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The Art of Execution

Defining your goals is only half the battle; here's how to get them accomplished.

Most entrepreneurs think that raising money is the hard part. They're wrong. It's the fun and exciting part. The real work begins after you raise money because then you have to execute. Here's how:

Create something worth executing. It's hard to stay excited about executing crap. It's easy if you're changing the world. If you and your team are having a hard time executing, maybe you're working on the wrong thing.

Set goals. Not just any kind of goals, but the right goals. The right goals are:

  • Measurable: Quantifiable goals include shipping deadlines and sales volume. This affects your number of goals because you can't measure everything.
  • Achievable: Take your "conservative" forecast and multiply it by 0.1. If you think you'll sell 1 million units this year, set your goal at 100,000. There's nothing more demoralizing than setting a "conservative" goal and falling short. Instead, make your goal 10 percent of your forecast, and blow it away.
  • Relevant: For a software company, it's not your ranking on search engines; it's the number of downloads of your demo version.
  • Rathole-resistant: A goal can be measurable, achievable and relevant but still send you down a rathole. Let's say you've just added content to your website. Your (measurable, achievable, relevant) goal is to sign up 100,000 new registered users in the first 90 days. But what if 100,000 people register, visit once and never return? That's a rathole. Make sure your goal encompasses all the factors that will make your organization viable.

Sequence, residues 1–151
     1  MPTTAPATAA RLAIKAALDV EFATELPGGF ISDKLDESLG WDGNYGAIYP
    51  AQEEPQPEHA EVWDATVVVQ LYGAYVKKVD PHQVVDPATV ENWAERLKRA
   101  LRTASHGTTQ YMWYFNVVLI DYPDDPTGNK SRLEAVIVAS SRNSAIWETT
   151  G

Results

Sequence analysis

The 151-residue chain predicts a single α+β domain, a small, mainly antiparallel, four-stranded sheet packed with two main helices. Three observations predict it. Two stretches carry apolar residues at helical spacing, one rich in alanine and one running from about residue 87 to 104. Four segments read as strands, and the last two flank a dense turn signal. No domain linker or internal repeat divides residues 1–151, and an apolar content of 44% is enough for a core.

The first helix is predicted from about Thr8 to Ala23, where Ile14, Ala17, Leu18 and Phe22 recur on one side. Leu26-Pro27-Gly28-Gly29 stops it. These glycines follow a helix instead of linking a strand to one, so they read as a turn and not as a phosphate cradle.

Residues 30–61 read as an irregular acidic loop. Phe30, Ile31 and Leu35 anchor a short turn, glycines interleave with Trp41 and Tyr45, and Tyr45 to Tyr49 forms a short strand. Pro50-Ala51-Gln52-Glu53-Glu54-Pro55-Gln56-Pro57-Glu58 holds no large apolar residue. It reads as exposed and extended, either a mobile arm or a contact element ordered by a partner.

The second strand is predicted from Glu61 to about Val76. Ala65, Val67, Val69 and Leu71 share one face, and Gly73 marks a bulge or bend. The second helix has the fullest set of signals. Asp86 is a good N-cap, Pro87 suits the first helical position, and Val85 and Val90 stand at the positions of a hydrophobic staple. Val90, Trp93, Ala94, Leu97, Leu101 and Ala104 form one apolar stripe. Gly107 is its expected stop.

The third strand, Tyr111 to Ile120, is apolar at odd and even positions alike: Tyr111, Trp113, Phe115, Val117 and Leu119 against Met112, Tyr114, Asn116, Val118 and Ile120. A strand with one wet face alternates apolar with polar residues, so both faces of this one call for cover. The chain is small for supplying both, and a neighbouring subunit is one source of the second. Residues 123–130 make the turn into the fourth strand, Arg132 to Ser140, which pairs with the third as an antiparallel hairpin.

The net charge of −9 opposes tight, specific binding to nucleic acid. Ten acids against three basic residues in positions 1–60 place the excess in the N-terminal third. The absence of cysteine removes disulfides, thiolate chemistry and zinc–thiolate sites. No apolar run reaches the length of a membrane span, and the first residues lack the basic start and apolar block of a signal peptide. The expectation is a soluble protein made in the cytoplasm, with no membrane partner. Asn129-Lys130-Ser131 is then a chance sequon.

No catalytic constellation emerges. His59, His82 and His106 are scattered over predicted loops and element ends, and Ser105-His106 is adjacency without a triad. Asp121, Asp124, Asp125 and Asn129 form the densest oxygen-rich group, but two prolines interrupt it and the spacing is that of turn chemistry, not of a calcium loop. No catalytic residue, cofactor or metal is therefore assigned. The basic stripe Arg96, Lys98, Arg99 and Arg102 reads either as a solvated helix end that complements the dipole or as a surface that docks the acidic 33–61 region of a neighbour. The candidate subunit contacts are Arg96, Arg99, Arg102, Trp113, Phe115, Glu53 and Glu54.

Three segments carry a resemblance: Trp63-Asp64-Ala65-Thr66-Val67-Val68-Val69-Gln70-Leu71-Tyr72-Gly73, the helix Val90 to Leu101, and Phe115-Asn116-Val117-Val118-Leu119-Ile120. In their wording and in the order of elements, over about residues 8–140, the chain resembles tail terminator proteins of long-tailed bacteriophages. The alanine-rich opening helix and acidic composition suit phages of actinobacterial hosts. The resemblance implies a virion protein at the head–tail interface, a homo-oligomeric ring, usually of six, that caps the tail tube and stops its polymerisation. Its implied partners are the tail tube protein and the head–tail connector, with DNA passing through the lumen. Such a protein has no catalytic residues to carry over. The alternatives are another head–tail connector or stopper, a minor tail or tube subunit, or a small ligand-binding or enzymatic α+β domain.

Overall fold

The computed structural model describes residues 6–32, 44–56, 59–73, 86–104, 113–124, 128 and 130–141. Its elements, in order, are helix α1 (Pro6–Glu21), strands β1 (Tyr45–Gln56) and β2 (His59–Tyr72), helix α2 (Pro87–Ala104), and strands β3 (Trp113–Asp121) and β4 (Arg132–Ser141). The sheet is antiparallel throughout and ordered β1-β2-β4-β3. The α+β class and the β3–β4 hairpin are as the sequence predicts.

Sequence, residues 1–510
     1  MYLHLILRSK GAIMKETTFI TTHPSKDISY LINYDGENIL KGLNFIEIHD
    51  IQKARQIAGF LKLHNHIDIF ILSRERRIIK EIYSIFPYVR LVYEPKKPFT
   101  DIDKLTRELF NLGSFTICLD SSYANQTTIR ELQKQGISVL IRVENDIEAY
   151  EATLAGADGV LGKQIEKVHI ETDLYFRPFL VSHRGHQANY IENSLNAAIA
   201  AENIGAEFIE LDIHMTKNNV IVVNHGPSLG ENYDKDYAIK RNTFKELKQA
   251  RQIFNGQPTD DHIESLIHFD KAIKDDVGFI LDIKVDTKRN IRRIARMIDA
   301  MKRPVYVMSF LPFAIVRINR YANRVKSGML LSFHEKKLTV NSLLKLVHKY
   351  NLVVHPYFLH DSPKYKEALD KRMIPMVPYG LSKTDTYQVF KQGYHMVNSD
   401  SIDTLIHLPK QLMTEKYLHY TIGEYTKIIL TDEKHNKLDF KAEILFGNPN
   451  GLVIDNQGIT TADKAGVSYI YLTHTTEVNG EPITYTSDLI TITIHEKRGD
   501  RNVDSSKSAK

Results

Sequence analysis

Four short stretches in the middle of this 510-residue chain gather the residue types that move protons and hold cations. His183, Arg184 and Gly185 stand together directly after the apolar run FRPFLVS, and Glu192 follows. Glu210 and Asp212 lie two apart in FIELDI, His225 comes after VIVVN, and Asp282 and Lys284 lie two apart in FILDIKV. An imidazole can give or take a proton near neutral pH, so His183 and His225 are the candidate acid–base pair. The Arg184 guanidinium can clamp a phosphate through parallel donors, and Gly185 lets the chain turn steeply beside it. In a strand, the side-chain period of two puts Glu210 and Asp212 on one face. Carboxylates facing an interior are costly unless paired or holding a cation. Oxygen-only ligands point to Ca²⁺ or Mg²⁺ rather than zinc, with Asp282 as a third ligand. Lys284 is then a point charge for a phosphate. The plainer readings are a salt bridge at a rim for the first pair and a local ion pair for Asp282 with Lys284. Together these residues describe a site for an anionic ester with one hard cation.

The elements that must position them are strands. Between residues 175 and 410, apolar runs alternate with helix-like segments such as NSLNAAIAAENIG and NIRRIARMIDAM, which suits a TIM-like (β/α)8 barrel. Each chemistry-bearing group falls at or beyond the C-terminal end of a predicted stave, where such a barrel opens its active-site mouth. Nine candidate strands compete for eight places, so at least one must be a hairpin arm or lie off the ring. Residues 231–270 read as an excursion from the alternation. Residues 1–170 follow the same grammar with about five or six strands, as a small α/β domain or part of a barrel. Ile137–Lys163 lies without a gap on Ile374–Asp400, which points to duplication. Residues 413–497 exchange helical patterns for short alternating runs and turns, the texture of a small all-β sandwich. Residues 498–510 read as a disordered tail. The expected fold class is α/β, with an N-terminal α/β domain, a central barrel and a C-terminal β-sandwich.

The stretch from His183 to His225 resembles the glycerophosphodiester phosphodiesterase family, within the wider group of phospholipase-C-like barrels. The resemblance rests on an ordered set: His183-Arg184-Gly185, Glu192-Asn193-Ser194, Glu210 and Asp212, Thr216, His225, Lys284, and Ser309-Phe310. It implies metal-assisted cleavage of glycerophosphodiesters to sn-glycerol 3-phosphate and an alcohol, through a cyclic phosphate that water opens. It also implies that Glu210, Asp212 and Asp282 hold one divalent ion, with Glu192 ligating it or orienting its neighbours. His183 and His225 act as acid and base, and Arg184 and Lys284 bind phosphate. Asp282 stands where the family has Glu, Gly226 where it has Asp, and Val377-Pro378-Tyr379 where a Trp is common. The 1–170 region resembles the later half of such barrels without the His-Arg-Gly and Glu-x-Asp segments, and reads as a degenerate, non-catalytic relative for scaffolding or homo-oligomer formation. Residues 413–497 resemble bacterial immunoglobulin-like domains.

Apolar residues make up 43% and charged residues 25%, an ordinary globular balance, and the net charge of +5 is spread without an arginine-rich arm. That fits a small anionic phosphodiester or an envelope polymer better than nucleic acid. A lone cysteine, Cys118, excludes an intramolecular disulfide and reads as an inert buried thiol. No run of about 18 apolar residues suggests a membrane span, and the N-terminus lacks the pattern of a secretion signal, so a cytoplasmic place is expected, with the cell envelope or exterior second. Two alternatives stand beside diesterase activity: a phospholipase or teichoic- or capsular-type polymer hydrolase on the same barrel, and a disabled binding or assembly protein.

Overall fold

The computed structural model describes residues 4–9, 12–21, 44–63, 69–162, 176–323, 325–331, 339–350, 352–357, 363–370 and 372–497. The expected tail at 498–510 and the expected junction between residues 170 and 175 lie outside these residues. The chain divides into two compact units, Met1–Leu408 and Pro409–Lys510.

Postpone, or at least de-emphasize, touchy-feely goals. Touchy-feely goals like "create a great work environment" are bull-shiitake. Companies that execute on measurable goals are happy. Those that don't aren't. As my mother used to tell me, "Sales fix everything."

Communicate. For goals to be effective, they have to be clearly communicated to every single employee.

Measure progress weekly. If you don't measure your progress toward a goal, you might as well not set it. The optimal frequency of reviewing progress is weekly. Monthly is too little pressure; daily is too anal.

Establish a single point of responsibility. If you ask employees who is responsible for a goal and no one can answer you in 10 seconds, there's not enough accountability. Lousy employees avoid responsibility. Good employees accept responsibility. Great employees seek responsibility.

Follow through on a goal. Many organizations set goals and even measure their progress. However, some goals tend to fall off the radar because people start focusing on just the coolest stuff. For example, fixing bugs in your software may not be quite as interesting as designing a breakthrough product, but it's just as--if not more--important to your customers.

Reward achievers. This has two positive effects: The achievers become even more excited about doing their jobs, and the underachievers know the company takes execution seriously.

Establish a culture of execution. Execution isn't a one-time push toward achieving goals--it's a way of life. The best way to establish a culture of execution is for you to set an example of meeting goals, responding to customers and measuring employee progress.

Heed your "Morpheus." Morpheus in The Matrix gave Neo the choice between the blue pill and the red pill. He was basically the adult supervision. Cold, brutal reality is the ally of execution, so find a Morpheus who distributes the red pills and enables employees to see things as they really are.

Guy Kawasaki is the co-founder of Alltop, a managing director at VC firm Garage Technology Ventures, former chief evangelist for Apple Inc. and author of eight books--most recently The Art of the Start. Visit his company's site, alltop.com.

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This article was originally published in the September 2007 print edition of Entrepreneur with the headline: The Art of Execution.

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